On 6 August 2022 I was privileged to be able to present an IATEFL webinar on my views on the application of Extensive Reading as a means of providing students with one essential that is often lacking from their English learning – the opportunity to practice what they have studied. Unfortunately, there wasn’t sufficient time to address the 30+ questions that had accumulated during my talk, so I’d like to cover as many as possible in this blog, within the strict word limit.
The rationale for Extensive Reading can be explained like this. In many classroom contexts around the world, there is an overemphasis on covering the material in the textbook and various forms of assessment which leaves little or no time in class for students to simply read for information rather than focusing on the grammar and vocabulary of what they are studying.
Dr. Paul Nation’s “Four Strands” concept advocates providing more opportunities for students to practice meaning-focused activities for all four skills, as well as time for fluency activities where they can use the language that they already know. Meaning-focused receptive activities (reading and listening), meaning-focused production (speaking and writing), and fluency activities on all skills should each comprise 25% of the students’ overall language learning time. This leaves only 25% for language-focused studythat in many classes comprises 90% or more of class time.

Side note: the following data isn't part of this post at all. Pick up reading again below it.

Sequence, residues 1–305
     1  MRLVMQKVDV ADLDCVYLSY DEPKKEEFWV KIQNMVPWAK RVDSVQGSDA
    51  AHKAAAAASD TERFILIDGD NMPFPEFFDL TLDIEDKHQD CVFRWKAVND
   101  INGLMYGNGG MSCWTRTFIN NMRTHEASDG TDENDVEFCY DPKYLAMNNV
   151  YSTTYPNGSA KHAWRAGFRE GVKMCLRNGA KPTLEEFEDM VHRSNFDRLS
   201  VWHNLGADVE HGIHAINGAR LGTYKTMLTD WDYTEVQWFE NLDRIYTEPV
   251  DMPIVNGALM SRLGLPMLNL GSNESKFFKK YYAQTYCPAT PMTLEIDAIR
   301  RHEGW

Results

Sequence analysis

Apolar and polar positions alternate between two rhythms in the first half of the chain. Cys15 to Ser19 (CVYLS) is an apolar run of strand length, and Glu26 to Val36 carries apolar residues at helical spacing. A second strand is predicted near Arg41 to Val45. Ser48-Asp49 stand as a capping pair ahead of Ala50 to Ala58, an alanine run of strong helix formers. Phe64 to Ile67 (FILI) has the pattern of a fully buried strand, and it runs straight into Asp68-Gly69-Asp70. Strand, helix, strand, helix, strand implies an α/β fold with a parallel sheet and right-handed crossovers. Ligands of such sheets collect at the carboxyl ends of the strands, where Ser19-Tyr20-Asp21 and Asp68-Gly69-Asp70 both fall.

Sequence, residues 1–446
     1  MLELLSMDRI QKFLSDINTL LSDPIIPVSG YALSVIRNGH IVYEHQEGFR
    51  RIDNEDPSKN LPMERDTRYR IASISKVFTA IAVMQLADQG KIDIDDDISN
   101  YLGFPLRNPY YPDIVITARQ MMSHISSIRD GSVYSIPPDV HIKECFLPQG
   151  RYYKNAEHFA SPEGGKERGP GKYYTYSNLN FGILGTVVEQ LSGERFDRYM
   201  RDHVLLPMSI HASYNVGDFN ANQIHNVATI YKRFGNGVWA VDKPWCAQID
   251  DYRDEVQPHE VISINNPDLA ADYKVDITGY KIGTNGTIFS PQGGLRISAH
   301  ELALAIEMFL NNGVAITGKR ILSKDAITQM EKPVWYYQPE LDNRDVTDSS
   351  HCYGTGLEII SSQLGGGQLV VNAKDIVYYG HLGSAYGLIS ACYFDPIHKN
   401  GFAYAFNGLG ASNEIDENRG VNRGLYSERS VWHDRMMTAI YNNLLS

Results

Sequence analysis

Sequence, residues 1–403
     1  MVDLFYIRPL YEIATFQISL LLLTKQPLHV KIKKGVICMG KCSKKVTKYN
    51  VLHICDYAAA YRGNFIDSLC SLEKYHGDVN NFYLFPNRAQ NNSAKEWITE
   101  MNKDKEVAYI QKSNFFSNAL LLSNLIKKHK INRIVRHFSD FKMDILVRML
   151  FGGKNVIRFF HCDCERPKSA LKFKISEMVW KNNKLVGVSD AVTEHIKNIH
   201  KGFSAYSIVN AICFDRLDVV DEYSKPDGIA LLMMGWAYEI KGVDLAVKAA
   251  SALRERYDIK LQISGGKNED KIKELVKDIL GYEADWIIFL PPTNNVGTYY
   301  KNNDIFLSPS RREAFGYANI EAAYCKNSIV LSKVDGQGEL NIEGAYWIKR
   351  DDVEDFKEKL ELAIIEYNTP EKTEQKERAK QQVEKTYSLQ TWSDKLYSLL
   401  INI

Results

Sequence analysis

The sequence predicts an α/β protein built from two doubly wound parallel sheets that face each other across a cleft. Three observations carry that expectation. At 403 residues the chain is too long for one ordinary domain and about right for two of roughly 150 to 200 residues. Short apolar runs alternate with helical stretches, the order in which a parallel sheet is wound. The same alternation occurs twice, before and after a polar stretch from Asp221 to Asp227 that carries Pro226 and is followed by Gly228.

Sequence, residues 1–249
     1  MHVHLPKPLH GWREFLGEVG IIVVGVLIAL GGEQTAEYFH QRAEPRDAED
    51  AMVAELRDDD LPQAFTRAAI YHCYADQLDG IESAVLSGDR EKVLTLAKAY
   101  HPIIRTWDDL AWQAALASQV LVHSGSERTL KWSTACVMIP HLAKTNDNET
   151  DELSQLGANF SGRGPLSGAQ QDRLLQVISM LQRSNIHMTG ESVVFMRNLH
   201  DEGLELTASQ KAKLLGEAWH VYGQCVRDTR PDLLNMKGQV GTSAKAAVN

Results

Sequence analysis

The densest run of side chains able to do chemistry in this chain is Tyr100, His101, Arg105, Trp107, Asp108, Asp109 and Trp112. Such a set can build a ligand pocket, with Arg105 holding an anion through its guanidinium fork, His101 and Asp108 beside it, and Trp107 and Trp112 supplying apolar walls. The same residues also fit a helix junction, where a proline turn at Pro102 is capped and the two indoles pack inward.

Definition of “Extensive Reading”
The basic concept is for students to read a LOT of material, focusing on the meaning rather than the language. This generally precludes reading material used in the standard texts since it is designed to expose the students to new language – vocabulary and grammar – with little time available for other 3 strands of language practice. Self-selection of reading material, reading at one’s own pace with material that it sufficiently easy to be read fluently with little dictionary look-up is the norm. These criteria are usually met by having students read from graded readers that they select themselves from a library with a wide range of topics and ability levels.
Below are the main categories of questions, with my responses.
Where can I find the extensive reading material?
“Graded Readers” are the best source since they have been written in graduated steps to make it easy for students to read fluently with little recourse to a dictionary. “Leveled Readers” designed for native learners are usable, although they often contain vocabulary and idioms that native children might know but our learners do not.
Online material is also available, but care must be used that it is suitably graded. Two sites that I recommend are:https://er-central.com and https://readtheory.org. Both are free and permit you to register and track your students’ progress, but of course this assumes that the students have sufficient online access.
Another site which has PDFs of some graded readers and lists of online material at various reading levels is https://freegradedreaders.com, much of which can be printed out and distributed to your students.
As a last resort, you might try taking some digital texts that are too difficult for your students and running them through software such as “Vocabprofile” on https://lextutor.ca which would flag the words that your student might not understand by comparing them to a prepared list of words commonlystudied or known by learners, such as the New General Service List. You can then simplify the text down to a level they might understand or perhaps provide a list of definitions for the difficult items.